It would also make access to healthcare more difficult.

Foreign nationals who want to settle in France under a Le Pen regime, they will have to prove that they are “holders of an insurance contract covering their health expenses” because, warns the RN candidate, “they cannot constitute a cost for the social protection system and for public finances”.

It’s not clear how long foreigners would be required to have private health insurance for and when/if they would be allowed to register within the French health system.

Le Pen’s chief of staff Renaud Labaye has insisted that, as a constitutional text, it was necessary to keep definitions as broad as possible to allow legal implements to then “restrict the scope of prohibitions”, including those who hold dual nationality.

At present certain jobs – including senior civil servant roles – are restricted to French nationals while some  public sector roles are restricted to EU citizens.

You can run for office on a local level – say town councillor or village mayor – if you are an EU citizen, but to run to become an MP, Senator or the president you must be French.

Crucially, however, there is no distinction between people who were born French and those who acquired French nationality later in life through family, marriage or residency – there have been two French presidential candidates (Eva Joly in 2012 and Anne Hidalgo in 2022) who were not French citizens from birth.  

In her 2012 and 2017 election campaigns, Le Pen proposed banning dual nationality, meaning that people could only become French citizens if they renounce the citizenship of their birth country. However in 2022 she has ditched that policy, to the reported surprise of many in her party.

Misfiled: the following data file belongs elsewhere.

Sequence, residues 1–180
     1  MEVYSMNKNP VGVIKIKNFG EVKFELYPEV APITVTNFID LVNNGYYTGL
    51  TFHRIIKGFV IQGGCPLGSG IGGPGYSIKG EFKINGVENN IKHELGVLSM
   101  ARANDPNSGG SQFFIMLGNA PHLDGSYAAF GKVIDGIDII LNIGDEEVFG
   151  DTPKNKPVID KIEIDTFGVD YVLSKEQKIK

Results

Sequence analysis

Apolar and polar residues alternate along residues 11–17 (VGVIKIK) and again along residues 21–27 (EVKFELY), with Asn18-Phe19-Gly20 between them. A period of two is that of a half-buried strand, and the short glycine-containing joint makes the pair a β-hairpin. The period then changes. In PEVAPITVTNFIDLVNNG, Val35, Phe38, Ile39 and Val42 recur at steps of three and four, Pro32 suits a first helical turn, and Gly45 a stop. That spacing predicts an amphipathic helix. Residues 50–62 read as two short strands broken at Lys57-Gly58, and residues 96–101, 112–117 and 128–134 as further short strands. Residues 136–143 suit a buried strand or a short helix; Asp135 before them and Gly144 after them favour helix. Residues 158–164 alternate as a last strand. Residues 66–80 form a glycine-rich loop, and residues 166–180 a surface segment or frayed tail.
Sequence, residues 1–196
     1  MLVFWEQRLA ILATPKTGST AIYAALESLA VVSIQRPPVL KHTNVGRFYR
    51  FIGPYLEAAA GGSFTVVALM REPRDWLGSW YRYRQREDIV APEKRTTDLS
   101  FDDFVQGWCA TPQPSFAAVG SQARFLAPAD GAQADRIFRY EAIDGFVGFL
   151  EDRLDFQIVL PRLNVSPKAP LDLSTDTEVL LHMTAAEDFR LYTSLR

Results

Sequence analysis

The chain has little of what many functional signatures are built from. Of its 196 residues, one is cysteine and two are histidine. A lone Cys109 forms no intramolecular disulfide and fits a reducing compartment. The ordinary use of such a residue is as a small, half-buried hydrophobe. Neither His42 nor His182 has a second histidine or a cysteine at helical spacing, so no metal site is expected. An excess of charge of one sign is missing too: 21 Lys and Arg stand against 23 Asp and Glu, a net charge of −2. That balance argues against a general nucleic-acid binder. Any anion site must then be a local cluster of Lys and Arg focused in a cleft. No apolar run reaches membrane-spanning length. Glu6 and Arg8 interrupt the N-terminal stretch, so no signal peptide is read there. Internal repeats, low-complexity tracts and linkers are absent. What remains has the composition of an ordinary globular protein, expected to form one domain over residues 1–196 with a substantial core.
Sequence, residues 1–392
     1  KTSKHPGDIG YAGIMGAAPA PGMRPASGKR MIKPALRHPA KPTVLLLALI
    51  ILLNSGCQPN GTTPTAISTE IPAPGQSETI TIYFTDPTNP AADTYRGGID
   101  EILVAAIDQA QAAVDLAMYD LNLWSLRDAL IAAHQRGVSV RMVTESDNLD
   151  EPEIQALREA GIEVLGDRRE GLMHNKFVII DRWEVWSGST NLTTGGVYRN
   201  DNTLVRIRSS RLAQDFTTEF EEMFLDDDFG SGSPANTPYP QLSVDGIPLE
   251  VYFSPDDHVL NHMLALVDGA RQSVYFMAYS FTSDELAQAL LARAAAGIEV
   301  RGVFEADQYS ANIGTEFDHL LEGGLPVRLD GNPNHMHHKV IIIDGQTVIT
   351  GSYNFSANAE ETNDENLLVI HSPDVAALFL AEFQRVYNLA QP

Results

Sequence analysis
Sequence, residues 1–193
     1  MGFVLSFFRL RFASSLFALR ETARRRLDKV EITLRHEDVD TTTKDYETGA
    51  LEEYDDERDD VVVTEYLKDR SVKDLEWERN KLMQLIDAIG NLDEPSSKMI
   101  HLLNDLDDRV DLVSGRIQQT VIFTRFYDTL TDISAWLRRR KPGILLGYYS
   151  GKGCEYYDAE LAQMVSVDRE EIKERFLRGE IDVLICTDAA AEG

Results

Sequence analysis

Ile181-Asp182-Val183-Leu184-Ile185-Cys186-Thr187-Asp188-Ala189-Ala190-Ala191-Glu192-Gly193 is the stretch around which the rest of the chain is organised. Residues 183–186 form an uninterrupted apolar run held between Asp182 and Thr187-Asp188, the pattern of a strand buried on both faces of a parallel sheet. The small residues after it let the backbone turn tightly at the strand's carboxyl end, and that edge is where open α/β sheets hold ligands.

French citizenship rules are relatively generous, allowing citizenship after five years of residence – albeit with a ton of paperwork, a French language qualification and an average 18-month waiting time.

France granted citizenship to 86,000 people in 2020, and since the Brexit referendum many British long-term residents of France have taken French citizenship in order to hold onto their EU rights.

READ ALSO Am I eligible for French citizenship?

Member comments

  1. For a nation that fought so hard against the Apartheid regime and policies in South Africa, it is surprising that they seem to have taken so much from that rule book to apply in their own nation…I will be surprised (but not terribly so) if this comes to pass…

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POLITICS

Rugby tickets, coffee and stickers – French presidential candidates chastised over expenses claims

From coffee runs to rugby tickets and professional photos - France's election financing body has revealed some of the items it has refused to reimburse from the 2022 presidential race.

Rugby tickets, coffee and stickers - French presidential candidates chastised over expenses claims

Spending on the election trail is tightly regulated in France, with maximum campaign spends per candidate as well as a list of acceptable expenses that can be reimbursed.

In France the State pays at least some of the election campaign costs, with the budget calculated according to how many votes the candidate ends up getting. 

READ MORE: 5 things to know about French election campaign financing

On Friday, the government body (la Commission nationale des comptes de campagne et des financements politiques – or CNCCFP) released its findings for the 12 candidates who ran in the April 2022 presidential campaign.